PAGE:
By DAVID DUPONT BG Independent News Banning books never seems to go out of style. To make that point, before Charles Coletta started his talk “The Seduction of the Innocent: The Anti-Comic Book Crusade of the 1950s and Beyond” he listed entertainments his students in Popular Culture classes have been forbidden to read or watch. Those include Harry Potter, “South Park,” “The Simpsons,” and  “Sponge Bob Squarepants,” a recent addition. Then he quizzed his audience in Jerome Library. “The A-Team” was a surprise, but “Family Guy” and “Bevis and Butthead” were staples of the do-not-watch list. Recently the reprinting of a classic comic story   “The Monster Society of Evil,” which hasn’t been reprinted in 30 years, was canceled because some of the characterization are racist, including depictions of Japanese from World War II and stereotypes of African-Americans that are “horrible,” Coletta said. And when just over a year ago the United Nations tried to name Wonder Woman as its fictional good will ambassador, there was an outcry over her skimpy outfits and that the superhero was not a good role model for women. Those complaints echo what was said about her 70 years ago. Because banning stuff never goes out of style, every year the Friends of University Libraries hosts an event to mark Banned Books Week.  Coletta’s focus on Thursday was on a crusade led by psychiatrist  Wertham against comics for all manner of offenses, particularly promoting violence. Superheroes, he said, was fascist role models who promote the idea that problems were solved with superior strength and violence. “I think Hitler was a beginner compared to the comic book industry,” he once stated.  Wertham also complained about unrealistic body images projected by female and male characters, racism, and embedded sexual messages. Wonder Woman, he claimed, was into bondage — a claim that proved not so outlandish when it learned that her creator William Moulton Marston was as well. But Wertham also said that her strength and independence, and hanging out with Amazons indicated she was a lesbian. And Batman and Robin’s relationship, he said, was “like a wish dream of two homosexuals living together.” He also said that comics were harming youngsters’ reading skills.   Wertham had a…


Artist gets to the heart of Jerome Library with sculpture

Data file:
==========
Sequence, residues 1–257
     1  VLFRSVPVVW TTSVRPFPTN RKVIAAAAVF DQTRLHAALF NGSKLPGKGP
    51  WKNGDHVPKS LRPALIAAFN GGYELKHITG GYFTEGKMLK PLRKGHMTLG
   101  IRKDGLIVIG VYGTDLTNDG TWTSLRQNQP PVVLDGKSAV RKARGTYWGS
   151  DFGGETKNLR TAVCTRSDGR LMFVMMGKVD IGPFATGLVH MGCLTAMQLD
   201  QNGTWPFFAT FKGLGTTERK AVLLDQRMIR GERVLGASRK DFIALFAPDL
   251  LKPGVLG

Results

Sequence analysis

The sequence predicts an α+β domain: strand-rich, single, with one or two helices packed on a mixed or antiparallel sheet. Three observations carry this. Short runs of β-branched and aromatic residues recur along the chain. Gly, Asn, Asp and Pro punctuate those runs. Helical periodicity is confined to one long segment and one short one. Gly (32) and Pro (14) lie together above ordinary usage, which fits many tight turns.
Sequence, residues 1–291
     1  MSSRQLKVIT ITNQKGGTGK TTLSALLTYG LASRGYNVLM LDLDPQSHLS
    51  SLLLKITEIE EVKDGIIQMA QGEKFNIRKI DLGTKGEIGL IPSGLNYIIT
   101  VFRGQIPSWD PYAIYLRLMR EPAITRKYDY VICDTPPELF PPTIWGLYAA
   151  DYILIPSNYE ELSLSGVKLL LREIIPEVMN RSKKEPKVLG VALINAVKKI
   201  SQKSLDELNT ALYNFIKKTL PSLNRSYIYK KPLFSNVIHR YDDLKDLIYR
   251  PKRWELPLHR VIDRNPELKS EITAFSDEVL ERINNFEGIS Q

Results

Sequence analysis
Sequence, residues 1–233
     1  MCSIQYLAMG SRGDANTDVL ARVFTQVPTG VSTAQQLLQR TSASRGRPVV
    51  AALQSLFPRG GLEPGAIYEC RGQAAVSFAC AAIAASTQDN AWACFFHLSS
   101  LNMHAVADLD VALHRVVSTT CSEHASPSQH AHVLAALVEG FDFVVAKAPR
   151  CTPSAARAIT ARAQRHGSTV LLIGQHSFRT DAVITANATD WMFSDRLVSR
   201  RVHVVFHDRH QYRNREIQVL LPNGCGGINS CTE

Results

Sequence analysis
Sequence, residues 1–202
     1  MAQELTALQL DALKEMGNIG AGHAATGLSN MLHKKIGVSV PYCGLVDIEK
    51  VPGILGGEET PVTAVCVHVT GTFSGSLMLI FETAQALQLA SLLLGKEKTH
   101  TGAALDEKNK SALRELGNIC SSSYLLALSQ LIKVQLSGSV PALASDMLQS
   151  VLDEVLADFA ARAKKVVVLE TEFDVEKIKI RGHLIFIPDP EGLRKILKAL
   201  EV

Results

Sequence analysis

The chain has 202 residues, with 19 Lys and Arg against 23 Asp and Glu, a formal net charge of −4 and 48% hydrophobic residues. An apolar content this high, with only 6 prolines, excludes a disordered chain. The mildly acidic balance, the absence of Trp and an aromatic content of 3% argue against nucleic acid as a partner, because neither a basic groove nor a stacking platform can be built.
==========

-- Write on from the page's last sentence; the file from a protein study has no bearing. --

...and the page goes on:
By DAVID DUPONT BG Independent News In celebrating the largest piece of art on the Bowling Green State University campus, Jerome Library welcomed a new piece to its collection. The wood, Plexiglas, and LED artwork by Vince Koloski pays tribute to the towering murals that decorate the east and west facing walls of Jerome Library. As with the murals, though, what’s inside the new work is what’s important, Koloski said. From the interior unfold five panels with phrases that praise libraries and books. “It’s a nice building,” Koloski said, “but what’s important is what’s in the building, the knowledge, the content.” That’s what those panels represent. The quotations were collected by the other important element in his view, the librarians. Those librarians, retired and active staff, together with the campus and Bowling Green community gathered Friday afternoon to celebrate the 50th anniversary of the dedication of Jerome Library. Library Dean Sara Bushong said this was 50 years to the day that the ceremonies marking the dedication of the library in 1967 began. The formal dedication was held the next day on Nov. 4. In her talk on the history of the Donald Drumm murals, Librarian Amy Fry noted that the building was not intended to have the murals. But BGSU President William T. Jerome was “keenly interested in beautifying the campus.” To that end, Fry said, he invited Donald Drumm to serve as an artist in residence. His first project was creating a cast aluminum sculpture for the lobby of the administration building. The original design for the university library did not have any decoration on it, so Jerome asked Drumm to design murals for the two faces. He sandblasted those onto the walls and put in stainless steel pins that protruded three inches from the face. The play of shadow and light was supposed to bring the design to life. But, Fry said, Jerome and Drumm were disappointed with the subdued effect. So some areas of the mural were painted brown, and the artistic landmark visible from I-75 took final shape. The work was done over the summer of 1966 and when students returned their reactions, Fry said, ranged from “fantastic” to “grotesque” and “inappropriate,” or “better than a…